Journal of Ecology and Environment

pISSN 2287-8327 eISSN 2288-1220

Article

Home Article View

Review

Published online September 10, 2021
https://doi.org/10.1186/s41610-021-00192-z

Journal of Ecology and Environment (2021) 45:16

© The Ecological Society of Korea.

How effective are artificial nests in attracting bees? A review

Ehsan Rahimi1, Shahindokht Barghjelveh1 and Pinliang Dong2

Environmental Sciences Research Institute, Shahid Beheshti University, Tehran, Iran; Department of Geography and the Environment, University of North Texas, Denton, USA

Correspondence to:Ehsan Rahimi

Received: July 5, 2021; Accepted: August 28, 2021

This article is licensed under a Creative Commons Attribution 4.0 International License, which permits use, sharing, adaptation, distribution and reproduction in any medium or format, as long as you give appropriate credit to the original author(s) and the source, provide a link to the Creative Commons licence, and indicate if changes were made. The images or other third party material in this article are included in the article's Creative Commons licence, unless indicated otherwise in a credit line to the material. If material is not included in the article's Creative Commons licence and your intended use is not permitted by statutory regulation or exceeds the permitted use, you will need to obtain permission directly from the copyright holder. To view a copy of this licence, visit http://creativecommons.org/licenses/by/4.0/.

Abstract

Background

Recent declines in bee populations, along with increasing demand for pollination services in urban, agricultural, and natural environments, have led to strategies to attract wild bees to these areas. One of these strategies is installing artificial nests adjacent to urban gardens and agricultural farms. Bee hotels and nest boxes are among the artificial nests used by gardeners and farmers to attract pollinators. In this paper, we reviewed 50 studies that reported the efficiency of nest boxes and bee hotels in attracting bees. We considered the maximum occupation rate (percentage) as the main index to evaluate the efficiency of artificial nests.>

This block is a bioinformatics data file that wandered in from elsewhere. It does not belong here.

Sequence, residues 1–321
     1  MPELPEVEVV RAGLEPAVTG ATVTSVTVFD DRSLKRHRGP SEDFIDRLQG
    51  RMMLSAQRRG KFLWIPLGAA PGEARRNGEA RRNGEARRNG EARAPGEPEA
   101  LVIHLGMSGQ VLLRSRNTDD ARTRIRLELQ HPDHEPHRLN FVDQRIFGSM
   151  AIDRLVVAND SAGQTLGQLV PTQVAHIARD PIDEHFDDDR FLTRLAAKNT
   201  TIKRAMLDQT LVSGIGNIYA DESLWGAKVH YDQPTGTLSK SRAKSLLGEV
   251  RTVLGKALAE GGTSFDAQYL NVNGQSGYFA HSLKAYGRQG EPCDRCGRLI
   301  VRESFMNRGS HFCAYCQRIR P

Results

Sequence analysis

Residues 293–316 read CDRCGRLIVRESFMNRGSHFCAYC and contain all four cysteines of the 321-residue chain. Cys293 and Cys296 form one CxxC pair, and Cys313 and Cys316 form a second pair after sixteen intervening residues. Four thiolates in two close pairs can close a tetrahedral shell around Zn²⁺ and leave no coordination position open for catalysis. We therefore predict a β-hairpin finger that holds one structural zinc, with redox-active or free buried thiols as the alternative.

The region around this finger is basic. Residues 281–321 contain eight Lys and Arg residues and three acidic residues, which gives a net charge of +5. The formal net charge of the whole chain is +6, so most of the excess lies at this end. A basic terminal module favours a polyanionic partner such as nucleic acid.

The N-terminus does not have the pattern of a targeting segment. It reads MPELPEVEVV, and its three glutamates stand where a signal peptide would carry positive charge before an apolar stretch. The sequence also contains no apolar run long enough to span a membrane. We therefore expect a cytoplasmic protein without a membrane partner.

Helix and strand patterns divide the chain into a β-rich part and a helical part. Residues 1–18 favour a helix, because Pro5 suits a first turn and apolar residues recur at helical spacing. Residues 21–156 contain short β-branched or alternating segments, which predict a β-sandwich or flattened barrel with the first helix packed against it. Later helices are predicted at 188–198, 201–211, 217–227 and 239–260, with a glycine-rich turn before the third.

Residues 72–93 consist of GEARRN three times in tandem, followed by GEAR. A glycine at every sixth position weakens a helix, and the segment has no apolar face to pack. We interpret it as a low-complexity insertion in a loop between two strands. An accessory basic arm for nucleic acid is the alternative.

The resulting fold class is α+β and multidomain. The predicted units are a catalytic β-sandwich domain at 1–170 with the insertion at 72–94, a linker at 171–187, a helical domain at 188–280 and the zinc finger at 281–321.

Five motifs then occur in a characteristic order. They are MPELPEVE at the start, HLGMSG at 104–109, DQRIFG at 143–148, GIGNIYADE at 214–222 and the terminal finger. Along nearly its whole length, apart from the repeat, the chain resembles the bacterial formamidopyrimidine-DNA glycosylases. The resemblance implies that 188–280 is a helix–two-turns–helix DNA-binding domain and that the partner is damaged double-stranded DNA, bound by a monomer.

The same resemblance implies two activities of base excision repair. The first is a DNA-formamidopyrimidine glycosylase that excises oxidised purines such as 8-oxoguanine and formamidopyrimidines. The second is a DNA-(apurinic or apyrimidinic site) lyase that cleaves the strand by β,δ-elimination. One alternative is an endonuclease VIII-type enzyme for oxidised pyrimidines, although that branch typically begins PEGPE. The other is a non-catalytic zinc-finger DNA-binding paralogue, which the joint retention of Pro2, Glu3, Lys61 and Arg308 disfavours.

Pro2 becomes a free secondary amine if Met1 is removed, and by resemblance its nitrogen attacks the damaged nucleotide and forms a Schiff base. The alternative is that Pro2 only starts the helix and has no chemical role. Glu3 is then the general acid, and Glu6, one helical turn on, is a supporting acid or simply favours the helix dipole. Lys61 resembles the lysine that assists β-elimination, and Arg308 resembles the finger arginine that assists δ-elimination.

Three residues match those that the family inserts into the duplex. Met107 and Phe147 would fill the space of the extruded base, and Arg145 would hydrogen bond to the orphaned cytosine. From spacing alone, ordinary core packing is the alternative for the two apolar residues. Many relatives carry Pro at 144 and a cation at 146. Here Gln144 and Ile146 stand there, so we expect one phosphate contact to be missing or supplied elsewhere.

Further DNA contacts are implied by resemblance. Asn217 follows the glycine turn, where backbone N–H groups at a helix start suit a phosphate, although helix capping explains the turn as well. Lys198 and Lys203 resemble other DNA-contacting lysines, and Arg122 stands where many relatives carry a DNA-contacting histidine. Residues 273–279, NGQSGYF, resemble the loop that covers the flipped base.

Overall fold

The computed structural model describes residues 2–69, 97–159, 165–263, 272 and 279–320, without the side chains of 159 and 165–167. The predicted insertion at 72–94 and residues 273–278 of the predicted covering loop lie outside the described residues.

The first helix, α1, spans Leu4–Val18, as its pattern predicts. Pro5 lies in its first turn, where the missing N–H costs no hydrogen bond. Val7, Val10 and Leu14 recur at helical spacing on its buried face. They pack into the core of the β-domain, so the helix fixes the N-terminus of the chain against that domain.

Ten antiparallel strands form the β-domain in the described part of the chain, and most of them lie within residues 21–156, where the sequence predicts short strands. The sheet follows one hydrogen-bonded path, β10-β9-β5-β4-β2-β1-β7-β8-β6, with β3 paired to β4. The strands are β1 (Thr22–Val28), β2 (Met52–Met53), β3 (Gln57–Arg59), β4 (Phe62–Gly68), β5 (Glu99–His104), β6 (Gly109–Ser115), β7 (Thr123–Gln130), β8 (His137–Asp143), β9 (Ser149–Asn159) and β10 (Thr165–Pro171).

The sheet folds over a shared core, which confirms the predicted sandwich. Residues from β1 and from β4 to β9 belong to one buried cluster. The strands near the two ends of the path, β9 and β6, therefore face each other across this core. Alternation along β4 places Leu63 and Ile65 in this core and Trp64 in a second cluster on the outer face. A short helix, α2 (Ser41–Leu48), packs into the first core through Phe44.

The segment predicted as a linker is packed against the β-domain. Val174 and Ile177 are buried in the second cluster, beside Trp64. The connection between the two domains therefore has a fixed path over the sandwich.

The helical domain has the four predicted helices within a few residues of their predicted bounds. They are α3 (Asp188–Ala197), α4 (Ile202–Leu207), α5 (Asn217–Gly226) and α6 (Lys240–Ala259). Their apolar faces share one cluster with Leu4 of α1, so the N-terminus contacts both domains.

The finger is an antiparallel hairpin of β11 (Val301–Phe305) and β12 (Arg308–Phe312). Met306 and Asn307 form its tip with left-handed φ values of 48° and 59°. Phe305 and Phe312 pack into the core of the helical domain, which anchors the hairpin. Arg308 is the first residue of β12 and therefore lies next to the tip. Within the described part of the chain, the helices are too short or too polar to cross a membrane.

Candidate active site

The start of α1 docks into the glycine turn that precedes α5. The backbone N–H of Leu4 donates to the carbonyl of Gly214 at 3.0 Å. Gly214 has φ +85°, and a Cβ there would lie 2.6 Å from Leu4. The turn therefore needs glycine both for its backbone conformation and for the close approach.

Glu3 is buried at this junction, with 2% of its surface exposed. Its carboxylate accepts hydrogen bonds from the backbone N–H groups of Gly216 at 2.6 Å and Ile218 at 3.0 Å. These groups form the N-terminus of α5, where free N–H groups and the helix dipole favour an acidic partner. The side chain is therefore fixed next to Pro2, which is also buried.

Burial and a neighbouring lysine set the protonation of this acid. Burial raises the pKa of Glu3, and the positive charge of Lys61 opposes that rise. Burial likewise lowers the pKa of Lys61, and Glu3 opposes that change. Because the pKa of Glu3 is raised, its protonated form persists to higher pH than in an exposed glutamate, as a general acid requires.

Results

The maximum occupation rate of bee hotels was higher in farms (averaged 44.1%) than in forests (averaged 30.3%) and urban (averaged 38.3%) environments. In the case of nest boxes, most studies reported efficiencies of less than 20%, with an occupation rate of 16% and 5.5% on average in forest and urban environments respectively. However, our meta-analysis results showed that there was no significant relationship between the occupation rate of the nests and their installation place. Regression analysis also showed that the structural features of bee hotels (length and diameter) and nest boxes (volume and entrance size) did not affect their efficiency in attracting bees.>

Conclusion

Our data showed that the strategy of installing artificial nests to attract pollinators is successful only concerning bee hotels, and the use of nest boxes has not been very successful.

Keywords: Artificial nests, Bee hotels, Nest boxes, Wild bees, Pollination

Share this article on :

Related articles in JEE

Close ✕

Journal of Ecology and Environment

pISSN 2287-8327 eISSN 2288-1220